In 1943 as well, when Erwin Bauer and Wilhelm Rüdiger wanted to show Werner Berg's paintings in an exhibition of young German artists in Weimar's Goethe Museum, his participation was prevented by the objections of a «morality» commission that had been especially consulted in Berlin. «They say that this sort of painting would not only disrupt the exhibition, but that it would also give rise to major protests,» wrote Erwin Bauer. In February 1943, Werner Berg nonetheless opened an exhibition of his «Paintings from the Arctic Ocean Front and North Carrelia» at the Klagenfurter Kunstverein. The Albertina bought a drawing and a watercolor, and the Klagenfurter Landesgalerie bought an oil painting.
While Berg was home on leave, Josef Weinheber visited the Rutarhof and portrayed his friend in an intoxicated hour. Weinheber especially valued Werner Berg for the precise remarks he made about his poetry and dedicated his last work, «Here is the Word», to the artist.
A bombardment of Elberfeld destroyed Werner Berg's parents' house. His sister Clara died in the attack. By coincidence his mother was at the Rutarhof, and from this time on she remained in Carinthia. Through this period Mauki was left alone to manage the farm, which repeatedly was the target of partisan raids. Miraculously, the studio with the artworks remained intact; the partisans would likely have used rolled up paper or canvas for torches.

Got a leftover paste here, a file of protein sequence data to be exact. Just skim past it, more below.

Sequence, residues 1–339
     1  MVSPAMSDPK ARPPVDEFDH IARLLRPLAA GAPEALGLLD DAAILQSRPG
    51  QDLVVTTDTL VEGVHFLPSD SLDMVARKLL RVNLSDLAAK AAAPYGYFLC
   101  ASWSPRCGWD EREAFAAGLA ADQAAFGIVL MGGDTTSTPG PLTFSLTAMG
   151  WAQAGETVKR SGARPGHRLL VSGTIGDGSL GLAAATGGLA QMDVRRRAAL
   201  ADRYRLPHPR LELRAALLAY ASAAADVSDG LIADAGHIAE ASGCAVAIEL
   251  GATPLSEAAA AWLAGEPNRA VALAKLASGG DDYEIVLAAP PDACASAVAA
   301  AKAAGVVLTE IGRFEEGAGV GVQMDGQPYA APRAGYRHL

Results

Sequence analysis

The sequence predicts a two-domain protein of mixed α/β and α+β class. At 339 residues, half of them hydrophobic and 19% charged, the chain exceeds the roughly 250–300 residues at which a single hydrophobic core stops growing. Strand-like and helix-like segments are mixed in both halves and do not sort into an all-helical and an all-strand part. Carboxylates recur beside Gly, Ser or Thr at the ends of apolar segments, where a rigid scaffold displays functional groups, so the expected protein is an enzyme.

At the beginning of 1944 the Galerie Welz in Vienna showed Werner Berg's landscapes from Norway and Finland. Commentaries in the press stressed the absence of military subjects and the artist's objective concentration on a cold, wide and untouched landscape, whose profound peace was seen in contrast to the cruelties of war, which had already long been readily apparent in Vienna.
In April 1945, Berg, who was still deeply affected by Edvard Munch's death, visited his sister Inger in Ekely.
At the war's end Werner Berg was a lance corporal. He was sent to an internment camp in Hamar and was not able to return to the Rutarhof until the late autumn of 1945. He was forced to leave the work that had been produced during the war with a Norwegian officer Iver Wormdal he had befriended. Later this friend sent the works back to him and also supported Berg with shipments of paint during the postwar years in which painting materials were practically unobtainable in Austria.
The artist's brother Walter Berg was shot during a prisoner revolt in a French internment camp in Andernach.
In November 1945, Werner Berg wrote an application for Austrian citizenship and initially received a residency permit for the community of Gallizien. In his efforts to obtain citizenship he was supported by the author Johannes Lindner, who held the office of cultural advisor at the time, and by his young assistant, the author Michael Guttenbrunner. Michael Guttenbrunner became an enthusiastic admirer of Berg's art and on numerous occasions visited him - often with his friend the art writer Heimo Kuchling - at the Rutarhof, where both of them also helped out with the farming work.
In 1946 Berg joined the Kärnter Kunstverein. He exchanged letters with Anton Kolig, who he visited in Nötsch in 1947. Heimo Kuchling stayed at the Rutarhof for two years before starting a teaching job at the Vienna Academy. Karl Newole, director of the provincial administrative office, became Berg's friend and supporter.